Hacked-out, spectacular view

A view of an unbroken 3000-foot drop to the desert floor.

A sense of appreciation grows for the effort that was necessary to chisel a road into this steep slope.
  • A sense of appreciation grows for the effort that was necessary to chisel a road into this steep slope.

This short segment of the Pacific Crest Trail follows a wide ledge that was hacked out of the near cliff that was once part of the original Sunrise Highway. The ledge drops several thousand feet to the Anza-Borrego Desert below. This segment of the road must have been difficult to maintain and possibly dangerous for motorists. The highway was rerouted to a safer, though less spectacular location, on the other side of a nameless hill in the 1970s. The pavement was largely removed when this became a segment of the Pacific Crest Trail. This trail is one of the most spectacular places to view the transition from mountains to desert. It is also a popular place for trail runners and for hang gliding.

If interested in only visiting Kwaaymii Point and not going on this short hike, then instead of starting at the Pioneer Mail Trailhead, drive to milepost 30.3 on the Sunrise Highway and turn onto Kwaaymii Road on your right. Drive just 0.3 mile down the paved road to its end to arrive at Kwaaymii Point. Parking here doesn’t require an Adventure Pass because it is in the Anza-Borrego Desert State Park rather than in Cleveland National Forest.

From the Pioneer Mail Trailhead, head north on the trail which has all the characteristics of a dirt road as it leads up the slope through low-growing chaparral consisting of shiny-leaf yerba santa, manzanita, buckwheat, chamise, mountain mahogany, and scattered scrub oaks. Continuing up the trail, the drop-off on the right becomes more dramatic and a sense of appreciation begins to grow for the effort that was necessary to chisel a road into this increasingly steep slope. Soon you will be gazing out over a cliff with an unbroken 3000-foot drop down to the floor of Cottonwood Canyon and Mason Valley. The Pinyon Mountains rise up on the other side of the valley and, in the hazy distance, the massive Santa Rosa Mountains loom over the horizon. After a fall or winter storm, the view will be even more spectacular, as you will be able to see much farther.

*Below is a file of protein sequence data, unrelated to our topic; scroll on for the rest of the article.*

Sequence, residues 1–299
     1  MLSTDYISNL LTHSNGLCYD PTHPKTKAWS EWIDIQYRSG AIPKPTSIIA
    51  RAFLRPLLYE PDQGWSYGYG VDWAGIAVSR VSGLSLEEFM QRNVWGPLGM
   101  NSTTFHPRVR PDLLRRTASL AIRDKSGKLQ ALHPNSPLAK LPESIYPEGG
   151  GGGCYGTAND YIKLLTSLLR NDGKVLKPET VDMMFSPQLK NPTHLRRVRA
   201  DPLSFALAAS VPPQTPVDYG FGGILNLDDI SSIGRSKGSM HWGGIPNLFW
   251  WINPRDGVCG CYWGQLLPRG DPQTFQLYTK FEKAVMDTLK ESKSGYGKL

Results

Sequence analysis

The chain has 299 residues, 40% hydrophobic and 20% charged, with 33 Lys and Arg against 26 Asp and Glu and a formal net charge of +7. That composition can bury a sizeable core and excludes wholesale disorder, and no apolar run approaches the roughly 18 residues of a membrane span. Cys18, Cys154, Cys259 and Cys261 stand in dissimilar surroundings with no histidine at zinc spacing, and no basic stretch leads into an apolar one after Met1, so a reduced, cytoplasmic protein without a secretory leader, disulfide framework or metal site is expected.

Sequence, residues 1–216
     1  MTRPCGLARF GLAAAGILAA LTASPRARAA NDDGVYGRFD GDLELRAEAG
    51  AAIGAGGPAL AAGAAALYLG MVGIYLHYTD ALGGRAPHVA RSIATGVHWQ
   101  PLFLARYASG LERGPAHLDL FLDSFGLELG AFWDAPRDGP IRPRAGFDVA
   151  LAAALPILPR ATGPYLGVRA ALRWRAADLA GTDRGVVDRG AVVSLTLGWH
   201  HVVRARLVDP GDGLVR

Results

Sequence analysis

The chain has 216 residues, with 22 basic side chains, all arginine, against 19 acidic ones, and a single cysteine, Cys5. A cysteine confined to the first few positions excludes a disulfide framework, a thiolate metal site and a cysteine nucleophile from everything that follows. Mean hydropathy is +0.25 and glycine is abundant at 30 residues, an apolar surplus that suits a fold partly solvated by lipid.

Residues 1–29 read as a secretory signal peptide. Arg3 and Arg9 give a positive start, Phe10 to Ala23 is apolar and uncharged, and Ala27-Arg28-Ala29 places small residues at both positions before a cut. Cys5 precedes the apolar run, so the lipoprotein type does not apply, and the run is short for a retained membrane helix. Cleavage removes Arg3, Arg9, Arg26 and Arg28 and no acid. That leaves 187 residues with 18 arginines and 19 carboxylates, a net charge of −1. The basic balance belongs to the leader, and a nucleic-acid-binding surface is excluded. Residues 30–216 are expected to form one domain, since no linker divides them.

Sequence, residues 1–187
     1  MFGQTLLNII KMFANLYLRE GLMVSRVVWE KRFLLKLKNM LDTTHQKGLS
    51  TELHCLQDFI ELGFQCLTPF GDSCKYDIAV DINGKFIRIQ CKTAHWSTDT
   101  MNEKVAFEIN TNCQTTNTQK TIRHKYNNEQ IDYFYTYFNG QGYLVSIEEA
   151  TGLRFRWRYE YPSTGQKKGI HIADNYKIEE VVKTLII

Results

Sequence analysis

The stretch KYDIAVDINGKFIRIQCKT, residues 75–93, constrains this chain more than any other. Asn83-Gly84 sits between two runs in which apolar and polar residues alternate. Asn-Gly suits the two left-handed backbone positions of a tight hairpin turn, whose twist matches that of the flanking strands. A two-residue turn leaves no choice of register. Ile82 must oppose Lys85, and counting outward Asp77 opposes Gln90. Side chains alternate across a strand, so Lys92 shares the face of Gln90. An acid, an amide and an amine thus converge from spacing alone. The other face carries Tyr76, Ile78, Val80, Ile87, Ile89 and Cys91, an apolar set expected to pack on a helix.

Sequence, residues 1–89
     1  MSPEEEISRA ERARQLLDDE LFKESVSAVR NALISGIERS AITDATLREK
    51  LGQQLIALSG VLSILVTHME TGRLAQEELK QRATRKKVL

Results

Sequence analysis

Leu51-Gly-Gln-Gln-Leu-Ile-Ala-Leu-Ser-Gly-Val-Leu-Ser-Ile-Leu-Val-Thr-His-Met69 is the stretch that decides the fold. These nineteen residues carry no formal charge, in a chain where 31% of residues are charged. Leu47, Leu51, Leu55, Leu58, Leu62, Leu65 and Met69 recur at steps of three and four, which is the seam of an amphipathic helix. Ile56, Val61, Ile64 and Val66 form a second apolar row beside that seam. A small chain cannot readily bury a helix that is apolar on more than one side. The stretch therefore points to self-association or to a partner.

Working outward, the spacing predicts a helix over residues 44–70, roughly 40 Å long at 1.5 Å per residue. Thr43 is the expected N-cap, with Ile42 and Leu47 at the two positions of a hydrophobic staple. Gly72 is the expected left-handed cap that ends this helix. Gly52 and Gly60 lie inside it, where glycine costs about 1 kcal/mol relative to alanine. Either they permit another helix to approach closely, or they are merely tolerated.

Kwaaymii Point itself is an aggregate of uplifted, colorful metamorphic rocks, probably Julian schist. These rocks have been used to memorialize a number of fairly recently departed individuals who appear to be known only to their friends and family. The point itself is named for the Kumeyaay band of Indians that lived in the Laguna Mountains and had a reservation there. The Laguna Reservation reverted to private ownership of the Tom Lucas family several years ago. The PCT continues north from Kwaaymii Point an additional 2400 miles. This is a good place to retrace your steps back to the Pioneer Mail Picnic Area.

  • Distance from downtown San Diego: About 62 miles. Allow 1 hour and 10 minutes driving time (Laguna Mountains). Take CA-163N, merge onto I-8E, and drive 45 miles to the Sunrise Highway/SR-1 exit. Go north on the Sunrise Highway about 16 miles to the Pioneer Mail Picnic Area and Trailhead at milepost 29.3. Parking is free but a Forest Service Adventure Pass must be displayed on the dashboard of your vehicle at this location.
  • Hiking length: 1.4 miles out and back.
  • Difficulty: Easy on an obvious trail that was once a part of the Sunrise Highway and is now part of the Pacific Crest Trail (PCT). The picnic area has plenty of free parking, a vault toilet, and picnic tables set among large oaks and pines that escaped the fire that recently burned through this area. Bring your own drinking water; non-potable water is provided for horses. Good for children and dogs on a leash.

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